Friction between US, Colombia over extradition and Venezuela – The Organization for World Peace

On October 3, US Secretary of State Anthony Blinken, on a week-long trip to Colombia, Chile and Peru, and Colombian President Gustavo Petro, head of Colombia’s new left-wing government, discussed measures to be taken to improve intelligence sharing and related drug trafficking. between the two states, although no agreement has been signed. However, the two countries remain at odds over the extradition of drug criminals, according to Reuters.

Speaking at a press conference, Blinken said that “we [The American Government] strongly support the holistic approach President Petro’s administration is taking to counter narcotics through comprehensive rural security, justice, development, environmental protection, supply reduction as well as demand reduction, including in the United States,” according to the Associated press. Although he described the two countries as “largely in sync”, according to ReutersBlinken also acknowledged the continuing differences over the issue of extradition and the lack of formal agreements on the issues discussed.

Petro, who has been critical of the US “war on drugs”, reiterated that Colombia’s priorities are banning drugs before they leave Colombia and continuing to hunt down those who facilitate drug trafficking.

Historically, Colombia and the United States have had close ties; The United States has backed its longstanding military campaign against drug cartels and in recent years has worked with President Petro’s predecessor, Iván Duque, to isolate Venezuelan leader Nicolás Maduro, according to the New York Times. However, Petro, a former member of an armed urban guerrilla group, has many different positions from those of his predecessor, especially on Venezuela and Cuba, which puts him at odds with US policymakers on issues. key regions.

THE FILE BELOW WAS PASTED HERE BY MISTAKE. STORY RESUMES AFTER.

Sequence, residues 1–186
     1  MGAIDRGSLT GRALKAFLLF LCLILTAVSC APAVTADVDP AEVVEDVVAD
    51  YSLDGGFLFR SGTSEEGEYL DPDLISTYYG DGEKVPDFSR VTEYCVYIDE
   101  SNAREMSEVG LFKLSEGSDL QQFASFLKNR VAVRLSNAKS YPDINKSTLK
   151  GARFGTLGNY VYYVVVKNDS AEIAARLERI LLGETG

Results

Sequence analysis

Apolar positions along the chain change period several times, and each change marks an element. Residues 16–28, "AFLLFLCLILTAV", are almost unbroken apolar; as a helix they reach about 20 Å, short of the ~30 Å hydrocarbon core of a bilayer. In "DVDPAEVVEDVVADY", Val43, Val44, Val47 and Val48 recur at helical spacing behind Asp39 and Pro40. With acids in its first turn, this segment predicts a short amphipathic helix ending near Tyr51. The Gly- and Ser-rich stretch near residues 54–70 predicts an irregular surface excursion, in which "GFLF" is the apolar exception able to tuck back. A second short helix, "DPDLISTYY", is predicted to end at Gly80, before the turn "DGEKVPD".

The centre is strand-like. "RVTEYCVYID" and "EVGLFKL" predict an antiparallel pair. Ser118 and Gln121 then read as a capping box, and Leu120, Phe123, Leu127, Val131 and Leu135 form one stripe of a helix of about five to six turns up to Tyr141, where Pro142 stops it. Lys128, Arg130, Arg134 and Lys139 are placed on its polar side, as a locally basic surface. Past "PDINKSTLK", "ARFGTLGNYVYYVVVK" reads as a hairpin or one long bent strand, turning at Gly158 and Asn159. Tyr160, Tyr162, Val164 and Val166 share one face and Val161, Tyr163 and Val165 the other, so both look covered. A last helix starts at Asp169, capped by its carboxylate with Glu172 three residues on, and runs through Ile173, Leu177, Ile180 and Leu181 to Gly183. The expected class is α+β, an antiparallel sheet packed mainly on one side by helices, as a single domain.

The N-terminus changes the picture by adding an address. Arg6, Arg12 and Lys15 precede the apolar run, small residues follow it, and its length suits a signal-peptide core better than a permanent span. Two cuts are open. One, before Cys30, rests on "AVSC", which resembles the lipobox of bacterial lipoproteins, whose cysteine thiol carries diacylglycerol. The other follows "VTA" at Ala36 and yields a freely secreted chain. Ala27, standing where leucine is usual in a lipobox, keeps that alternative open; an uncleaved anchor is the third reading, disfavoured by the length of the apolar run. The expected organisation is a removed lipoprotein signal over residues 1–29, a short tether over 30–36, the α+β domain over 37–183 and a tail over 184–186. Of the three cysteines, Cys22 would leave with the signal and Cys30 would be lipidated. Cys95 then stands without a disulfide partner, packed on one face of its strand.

Speaking on Venezuela, although he agrees with US sentiments describing Maduro as a ‘dictator’, he has also sought to restore Colombian and Venezuelan ties, while President Biden has maintained sanctions. Trump era against Maduro’s government.

The two countries have also found themselves in a dispute over Cuba, with President Petro describing the US designation of Cuba under President Trump as an official state sponsor of terrorism as “an injustice”. [that] needs to be corrected,” according to Reuters.

Although the leaders of the two countries may not find themselves in full agreement on all issues at this time, these discussions with senior officials are extremely important in helping to facilitate better relations between regional neighbors and long-term collaborators. date. They are particularly important in ensuring that relations between historically friendly states endure despite changes in national leadership. Friendly diplomatic relations are one of the foundations of peace in the modern world, and it is good to see that the United States and Colombia are maintaining these relations despite friction over certain political issues.

In conclusion, while it is clear that President Petro and President Biden will have more issues to deal with than their predecessors, it is good to see that both administrations consider the relationship to be important, with President Petro wishing the Secretary good luck Blinken regarding his potential political ambitions going forward upon his departure.

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